January 8, 2014

Securing serenity

Serenity and humility are both elusive like a shadow; as soon as I try to step into them, they move out of reach. Of course this is because the act of trying to attain either immediately means focusing on myself, and as soon as that happens, I cannot be humble or serene.

Today’s devotional reading is titled, “Securing serenity” and offers excellent thoughts, such as a description of patients in a mental home. He says they are totally wrapped up in themselves without a care for the woes of others. As Romans 3:16 says, “In their paths are ruin and misery” for they are not interested in God either.

Paul had a different take on life. He cared deeply about God and others, but was not overtly concerned what they thought of him . . .

This is how one should regard us, as servants of Christ and stewards of the mysteries of God. Moreover, it is required of stewards that they be found faithful. But with me it is a very small thing that I should be judged by you or by any human court. In fact, I do not even judge myself. For I am not aware of anything against myself, but I am not thereby acquitted. It is the Lord who judges me. Therefore do not pronounce judgment before the time, before the Lord comes, who will bring to light the things now hidden in darkness and will disclose the purposes of the heart. Then each one will receive his commendation from God. (1 Corinthians 4:1–5)

For Paul, the praise of God was his source of affirmation, not the judgment of anyone else. As I think about that, I realize that when others praise me, it appeals to my pride. While I can use words like confirmation, or edification, those are euphemisms. The bottom line is that such talk builds my ego and makes me proud of myself. God has been showing me that this is folly because pride and arrogance are not at all like Christ and eventually lead to a downfall . . .

When pride comes, then comes disgrace, but with the humble is wisdom. (Proverbs 11:2)

Instead of trusting me or what others think of me, I need that wisdom that comes from God alone. If I struggle with feelings of inadequacy, they are not reversed nor am I built up by the praise of others or by any sort of positive self-talk. I need instead to trust the Lord and walk in the truth that He gives me . . .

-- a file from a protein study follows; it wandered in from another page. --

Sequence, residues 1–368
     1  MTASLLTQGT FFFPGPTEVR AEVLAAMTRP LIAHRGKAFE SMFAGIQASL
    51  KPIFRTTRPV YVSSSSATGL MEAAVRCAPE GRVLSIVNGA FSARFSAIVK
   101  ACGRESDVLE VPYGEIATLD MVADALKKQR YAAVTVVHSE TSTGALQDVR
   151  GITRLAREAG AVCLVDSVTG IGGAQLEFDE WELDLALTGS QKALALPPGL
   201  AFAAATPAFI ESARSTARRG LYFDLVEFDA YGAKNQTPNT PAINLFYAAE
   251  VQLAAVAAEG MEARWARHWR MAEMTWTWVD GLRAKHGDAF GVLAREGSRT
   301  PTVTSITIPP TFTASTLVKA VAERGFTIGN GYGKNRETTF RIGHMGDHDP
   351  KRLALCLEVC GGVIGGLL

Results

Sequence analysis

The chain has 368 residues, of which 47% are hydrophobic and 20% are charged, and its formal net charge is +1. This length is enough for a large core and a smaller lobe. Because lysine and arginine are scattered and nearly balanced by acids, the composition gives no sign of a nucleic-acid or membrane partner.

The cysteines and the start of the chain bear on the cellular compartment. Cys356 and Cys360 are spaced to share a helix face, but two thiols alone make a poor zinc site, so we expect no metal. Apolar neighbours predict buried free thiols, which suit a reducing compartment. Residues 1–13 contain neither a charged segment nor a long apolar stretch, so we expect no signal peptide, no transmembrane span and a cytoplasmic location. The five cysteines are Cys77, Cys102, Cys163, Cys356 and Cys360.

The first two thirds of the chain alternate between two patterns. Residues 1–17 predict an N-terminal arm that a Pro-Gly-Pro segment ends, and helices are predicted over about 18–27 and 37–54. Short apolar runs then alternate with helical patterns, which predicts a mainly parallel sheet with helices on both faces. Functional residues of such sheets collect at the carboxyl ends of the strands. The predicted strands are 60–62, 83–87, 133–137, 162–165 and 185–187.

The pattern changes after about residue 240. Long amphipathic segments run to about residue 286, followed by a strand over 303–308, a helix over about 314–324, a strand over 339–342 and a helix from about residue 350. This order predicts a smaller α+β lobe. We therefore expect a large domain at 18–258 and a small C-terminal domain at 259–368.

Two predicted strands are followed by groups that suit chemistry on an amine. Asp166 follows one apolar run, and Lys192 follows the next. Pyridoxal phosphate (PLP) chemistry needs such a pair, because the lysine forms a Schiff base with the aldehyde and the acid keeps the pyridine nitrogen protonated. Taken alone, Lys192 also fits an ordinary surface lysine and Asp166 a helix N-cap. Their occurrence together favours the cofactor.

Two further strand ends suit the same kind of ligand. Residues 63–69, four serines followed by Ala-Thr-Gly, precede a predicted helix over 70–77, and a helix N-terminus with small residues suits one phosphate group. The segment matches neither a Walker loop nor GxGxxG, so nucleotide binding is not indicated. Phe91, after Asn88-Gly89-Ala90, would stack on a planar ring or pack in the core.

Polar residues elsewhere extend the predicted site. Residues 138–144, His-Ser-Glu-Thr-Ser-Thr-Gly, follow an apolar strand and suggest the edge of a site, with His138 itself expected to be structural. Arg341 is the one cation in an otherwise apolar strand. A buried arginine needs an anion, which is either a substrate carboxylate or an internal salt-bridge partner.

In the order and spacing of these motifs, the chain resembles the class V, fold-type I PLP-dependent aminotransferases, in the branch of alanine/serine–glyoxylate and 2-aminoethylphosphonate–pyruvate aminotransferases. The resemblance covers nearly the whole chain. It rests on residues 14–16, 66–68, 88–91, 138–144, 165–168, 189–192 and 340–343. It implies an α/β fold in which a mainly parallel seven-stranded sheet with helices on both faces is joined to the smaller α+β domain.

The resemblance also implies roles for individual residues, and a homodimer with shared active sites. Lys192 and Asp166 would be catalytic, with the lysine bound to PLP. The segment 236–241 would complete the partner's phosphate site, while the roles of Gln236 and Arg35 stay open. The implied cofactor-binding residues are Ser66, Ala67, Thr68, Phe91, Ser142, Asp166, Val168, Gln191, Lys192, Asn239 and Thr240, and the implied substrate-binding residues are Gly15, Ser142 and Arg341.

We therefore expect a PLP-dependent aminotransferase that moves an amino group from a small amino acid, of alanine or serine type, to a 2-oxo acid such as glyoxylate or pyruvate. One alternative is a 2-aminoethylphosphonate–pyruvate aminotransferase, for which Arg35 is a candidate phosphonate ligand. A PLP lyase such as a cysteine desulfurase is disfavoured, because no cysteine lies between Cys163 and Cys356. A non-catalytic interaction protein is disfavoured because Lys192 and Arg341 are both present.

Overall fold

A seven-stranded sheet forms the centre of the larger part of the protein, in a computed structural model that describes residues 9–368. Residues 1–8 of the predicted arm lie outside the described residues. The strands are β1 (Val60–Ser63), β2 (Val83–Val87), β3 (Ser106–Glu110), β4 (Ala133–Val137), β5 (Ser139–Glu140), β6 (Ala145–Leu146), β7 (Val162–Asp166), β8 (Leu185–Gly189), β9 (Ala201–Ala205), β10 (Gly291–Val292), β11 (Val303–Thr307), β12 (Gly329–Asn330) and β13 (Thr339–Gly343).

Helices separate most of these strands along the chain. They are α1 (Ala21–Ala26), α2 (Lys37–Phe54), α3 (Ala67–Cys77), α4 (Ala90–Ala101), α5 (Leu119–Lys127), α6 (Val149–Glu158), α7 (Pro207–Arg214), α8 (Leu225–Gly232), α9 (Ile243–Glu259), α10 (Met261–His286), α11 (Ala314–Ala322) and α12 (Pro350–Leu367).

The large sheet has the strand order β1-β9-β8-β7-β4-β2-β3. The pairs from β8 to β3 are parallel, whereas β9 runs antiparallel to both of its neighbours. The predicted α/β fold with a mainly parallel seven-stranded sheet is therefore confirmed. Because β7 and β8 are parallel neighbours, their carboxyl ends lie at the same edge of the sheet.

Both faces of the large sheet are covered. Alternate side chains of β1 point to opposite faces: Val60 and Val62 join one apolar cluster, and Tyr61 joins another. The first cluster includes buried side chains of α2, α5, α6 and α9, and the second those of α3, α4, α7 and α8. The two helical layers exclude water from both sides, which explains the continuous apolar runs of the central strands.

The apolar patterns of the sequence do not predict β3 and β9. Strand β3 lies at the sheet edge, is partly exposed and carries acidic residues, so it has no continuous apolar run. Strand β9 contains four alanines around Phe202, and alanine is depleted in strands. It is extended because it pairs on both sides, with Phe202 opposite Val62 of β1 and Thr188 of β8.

Whoever trusts in his own mind is a fool, but he who walks in wisdom will be delivered. (Proverbs 28:26)

Today’s reading points me to a psalm of praise that amplifies these thoughts and helps me realize how silly I am to want or rely on praise or the flattering words of others.

I give you thanks, O Lord, with my whole heart; before the gods I sing your praise; I bow down toward your holy temple and give thanks to your name for your steadfast love and your faithfulness, for you have exalted above all things your name and your word. On the day I called, you answered me; my strength of soul you increased. All the kings of the earth shall give you thanks, O Lord, for they have heard the words of your mouth, and they shall sing of the ways of the Lord, for great is the glory of the Lord. For though the Lord is high, he regards the lowly, but the haughty he knows from afar. Though I walk in the midst of trouble, you preserve my life; you stretch out your hand against the wrath of my enemies, and your right hand delivers me. The Lord will fulfill his purpose for me; your steadfast love, O Lord, endures forever. Do not forsake the work of your hands. (Psalm 138:1–8)

Instead, God strengthens my soul. He regards humble and lowly hearts. He alone gives that desired inner satisfaction and serenity of heart.

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